Webimax opted to change brokers to address these issues. The new broker suggested that Webimax find a separate health insurance plan to cover the 68-year-old employee and identified a new health insurance plan for the remaining employees that could accommodate the company’s national workforce more cost-effectively.
“These solutions reduced our premiums by more than 50 percent,” said Kenneth C. Wisnefski, the company’s founder and CEO. “This experience showed how important it is to find a broker who will take the time to understand all of your needs and will be creative enough to find the right plan.”
Wisnefski will work with the broker to ensure that employee benefits keep pace with the company’s expansion plans as it gears up to add employees over the next six to 12 months. “It is important to find a broker who asks the right questions,” he said.
Looking for value
A broker’s willingness and ability to provide this type of value-added service should be a key consideration for employers. That means looking for a broker that can provide advice to support client decision-making as issues arise throughout the year and not just at renewal or open enrollment. For example, a multi-unit restaurant company that is having trouble getting the attention of a low-paid employee population might look for a broker that can provide strong benefits communication support, Mazin said.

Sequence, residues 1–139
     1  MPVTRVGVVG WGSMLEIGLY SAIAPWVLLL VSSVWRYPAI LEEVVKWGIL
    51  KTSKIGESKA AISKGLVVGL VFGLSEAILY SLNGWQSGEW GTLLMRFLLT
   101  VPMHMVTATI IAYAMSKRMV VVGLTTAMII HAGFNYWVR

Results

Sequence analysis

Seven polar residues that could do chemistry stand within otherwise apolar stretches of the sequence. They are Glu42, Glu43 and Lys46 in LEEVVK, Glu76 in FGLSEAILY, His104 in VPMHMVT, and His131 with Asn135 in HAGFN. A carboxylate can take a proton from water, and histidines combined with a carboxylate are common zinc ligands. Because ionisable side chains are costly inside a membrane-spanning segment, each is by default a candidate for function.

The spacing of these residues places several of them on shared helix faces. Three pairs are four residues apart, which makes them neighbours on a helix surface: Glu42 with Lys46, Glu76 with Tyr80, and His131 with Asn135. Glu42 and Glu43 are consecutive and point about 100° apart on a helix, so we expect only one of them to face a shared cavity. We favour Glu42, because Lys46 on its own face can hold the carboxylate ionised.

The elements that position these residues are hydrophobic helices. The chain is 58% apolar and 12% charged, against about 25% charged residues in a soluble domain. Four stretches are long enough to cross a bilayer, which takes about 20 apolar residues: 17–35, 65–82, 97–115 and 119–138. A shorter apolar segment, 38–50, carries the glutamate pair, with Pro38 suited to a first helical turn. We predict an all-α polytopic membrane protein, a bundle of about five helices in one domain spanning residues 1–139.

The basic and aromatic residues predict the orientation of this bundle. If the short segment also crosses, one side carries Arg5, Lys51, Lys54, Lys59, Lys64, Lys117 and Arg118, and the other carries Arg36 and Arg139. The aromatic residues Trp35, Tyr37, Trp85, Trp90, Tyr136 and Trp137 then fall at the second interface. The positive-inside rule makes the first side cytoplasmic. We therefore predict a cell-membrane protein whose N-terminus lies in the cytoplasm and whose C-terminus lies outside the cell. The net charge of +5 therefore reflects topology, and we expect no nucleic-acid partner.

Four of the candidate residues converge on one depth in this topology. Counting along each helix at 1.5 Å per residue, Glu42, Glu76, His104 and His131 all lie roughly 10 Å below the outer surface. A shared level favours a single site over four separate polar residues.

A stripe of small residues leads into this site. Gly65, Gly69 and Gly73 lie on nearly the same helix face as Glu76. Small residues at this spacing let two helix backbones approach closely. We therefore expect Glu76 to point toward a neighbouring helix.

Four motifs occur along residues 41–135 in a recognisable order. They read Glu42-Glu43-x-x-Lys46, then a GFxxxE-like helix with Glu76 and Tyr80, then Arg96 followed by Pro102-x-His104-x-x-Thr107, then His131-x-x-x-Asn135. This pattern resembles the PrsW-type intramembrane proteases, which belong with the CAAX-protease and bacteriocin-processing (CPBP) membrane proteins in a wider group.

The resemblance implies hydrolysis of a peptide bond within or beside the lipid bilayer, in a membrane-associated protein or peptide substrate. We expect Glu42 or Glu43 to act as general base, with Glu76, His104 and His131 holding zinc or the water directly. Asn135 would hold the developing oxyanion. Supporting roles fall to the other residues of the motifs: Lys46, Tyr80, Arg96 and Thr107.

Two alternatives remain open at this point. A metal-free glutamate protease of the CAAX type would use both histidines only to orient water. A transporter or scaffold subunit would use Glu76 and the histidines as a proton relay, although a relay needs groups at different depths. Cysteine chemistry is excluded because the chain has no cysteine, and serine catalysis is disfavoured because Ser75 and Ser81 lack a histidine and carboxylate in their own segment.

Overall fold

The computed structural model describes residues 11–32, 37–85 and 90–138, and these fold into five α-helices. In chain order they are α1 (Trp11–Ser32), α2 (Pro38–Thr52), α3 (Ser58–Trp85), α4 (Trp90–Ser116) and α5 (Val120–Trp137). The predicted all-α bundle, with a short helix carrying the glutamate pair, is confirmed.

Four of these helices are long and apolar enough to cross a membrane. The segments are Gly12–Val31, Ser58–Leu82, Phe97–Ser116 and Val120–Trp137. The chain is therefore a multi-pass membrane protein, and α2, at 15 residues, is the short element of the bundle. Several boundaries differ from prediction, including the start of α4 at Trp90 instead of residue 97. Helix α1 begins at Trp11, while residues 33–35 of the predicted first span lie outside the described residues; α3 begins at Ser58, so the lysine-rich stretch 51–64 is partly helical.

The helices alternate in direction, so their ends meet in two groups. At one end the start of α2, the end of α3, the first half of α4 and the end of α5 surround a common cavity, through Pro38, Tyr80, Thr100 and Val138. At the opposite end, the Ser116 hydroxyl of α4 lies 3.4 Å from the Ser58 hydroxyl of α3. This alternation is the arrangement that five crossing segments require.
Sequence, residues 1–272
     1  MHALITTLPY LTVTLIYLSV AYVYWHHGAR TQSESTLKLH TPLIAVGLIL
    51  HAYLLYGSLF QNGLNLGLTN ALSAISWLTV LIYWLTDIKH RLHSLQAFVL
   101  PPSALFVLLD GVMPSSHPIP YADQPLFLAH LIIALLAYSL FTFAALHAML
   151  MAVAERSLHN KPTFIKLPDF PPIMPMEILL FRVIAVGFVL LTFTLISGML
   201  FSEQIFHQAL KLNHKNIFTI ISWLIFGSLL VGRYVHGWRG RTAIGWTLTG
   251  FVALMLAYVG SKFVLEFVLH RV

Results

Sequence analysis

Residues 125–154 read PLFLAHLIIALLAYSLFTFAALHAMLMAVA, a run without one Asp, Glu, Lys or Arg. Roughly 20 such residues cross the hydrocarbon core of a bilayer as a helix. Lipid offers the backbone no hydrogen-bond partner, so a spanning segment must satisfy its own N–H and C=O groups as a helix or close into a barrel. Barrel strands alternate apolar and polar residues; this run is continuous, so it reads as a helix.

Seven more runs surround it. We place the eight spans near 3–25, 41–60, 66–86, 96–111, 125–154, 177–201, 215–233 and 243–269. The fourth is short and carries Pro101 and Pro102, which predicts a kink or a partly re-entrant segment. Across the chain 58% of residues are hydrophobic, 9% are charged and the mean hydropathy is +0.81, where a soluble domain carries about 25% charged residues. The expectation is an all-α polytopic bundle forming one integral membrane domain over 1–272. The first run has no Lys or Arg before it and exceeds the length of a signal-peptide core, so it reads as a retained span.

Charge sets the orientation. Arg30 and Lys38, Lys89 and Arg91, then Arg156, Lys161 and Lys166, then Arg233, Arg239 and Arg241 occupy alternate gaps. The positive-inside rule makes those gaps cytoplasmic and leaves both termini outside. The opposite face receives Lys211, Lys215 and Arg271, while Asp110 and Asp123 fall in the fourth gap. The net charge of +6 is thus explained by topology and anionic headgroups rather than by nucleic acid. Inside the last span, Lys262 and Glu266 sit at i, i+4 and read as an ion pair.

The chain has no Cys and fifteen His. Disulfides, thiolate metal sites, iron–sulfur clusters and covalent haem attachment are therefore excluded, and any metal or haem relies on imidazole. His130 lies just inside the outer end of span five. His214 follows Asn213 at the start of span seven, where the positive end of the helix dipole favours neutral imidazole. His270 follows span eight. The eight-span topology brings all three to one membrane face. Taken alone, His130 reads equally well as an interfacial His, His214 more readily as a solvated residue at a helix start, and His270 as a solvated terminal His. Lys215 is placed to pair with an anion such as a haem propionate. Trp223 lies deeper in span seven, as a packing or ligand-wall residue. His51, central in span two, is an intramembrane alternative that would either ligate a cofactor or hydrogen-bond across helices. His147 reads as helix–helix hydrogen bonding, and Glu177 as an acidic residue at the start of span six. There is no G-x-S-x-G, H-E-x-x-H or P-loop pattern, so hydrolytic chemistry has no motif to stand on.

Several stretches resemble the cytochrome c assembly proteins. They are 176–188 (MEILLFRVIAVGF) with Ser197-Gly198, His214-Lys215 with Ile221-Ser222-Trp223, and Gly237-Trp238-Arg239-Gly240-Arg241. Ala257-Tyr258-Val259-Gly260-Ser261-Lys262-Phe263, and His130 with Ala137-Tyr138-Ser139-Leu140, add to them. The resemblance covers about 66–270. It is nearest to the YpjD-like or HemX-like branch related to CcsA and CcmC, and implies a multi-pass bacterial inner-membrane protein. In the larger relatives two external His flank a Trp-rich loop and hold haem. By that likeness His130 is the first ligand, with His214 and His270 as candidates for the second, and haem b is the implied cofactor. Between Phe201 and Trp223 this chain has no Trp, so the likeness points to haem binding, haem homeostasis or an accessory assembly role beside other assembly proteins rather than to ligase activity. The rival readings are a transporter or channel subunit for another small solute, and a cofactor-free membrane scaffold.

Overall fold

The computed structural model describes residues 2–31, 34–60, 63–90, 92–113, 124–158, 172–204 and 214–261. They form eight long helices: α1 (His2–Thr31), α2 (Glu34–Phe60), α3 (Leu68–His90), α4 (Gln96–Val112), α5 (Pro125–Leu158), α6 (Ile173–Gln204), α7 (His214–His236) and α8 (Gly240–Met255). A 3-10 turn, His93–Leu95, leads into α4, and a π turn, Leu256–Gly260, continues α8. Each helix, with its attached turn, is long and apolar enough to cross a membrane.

Broker size is not necessarily indicative of the level of service and support a company can expect. Although small brokers can provide personalized service, these brokers might not have the specific expertise a company requires. However, working with a large broker is not necessarily a panacea. Small companies might find it difficult to get the attention they need from a large brokerage firm. Moreover, even when a large broker has the expertise a company needs, there is no guarantee that it will make that expertise available.
Mazin recalls working with a large broker on behalf of a company that wanted to make major changes to its benefits plan for its 2,500 employees in 18 U.S. locations. However, when the company was unable to get the attention of the broker, the relationship took a turn for the worse. The final straw came when the broker failed to provide benefit plan projections until October for plans with a Jan. 1 renewal date. “We wanted them in August, and when we received them in October and they were different than expected, we were not in a good position to ‘go to market’ for the plan,” Mazin said.
Companies that want to avoid having too many eggs in one basket can split up benefits programs among several brokers to get the best broker for a specific piece of business. Some brokers specialize in long-term-care insurance and other voluntary benefits programs, while others focus on health, dental, vision or disability coverage. In addition, organizations might need to develop relationships with brokers in specific locations.
Joanne Sammer is a New Jersey-based business and financial writer.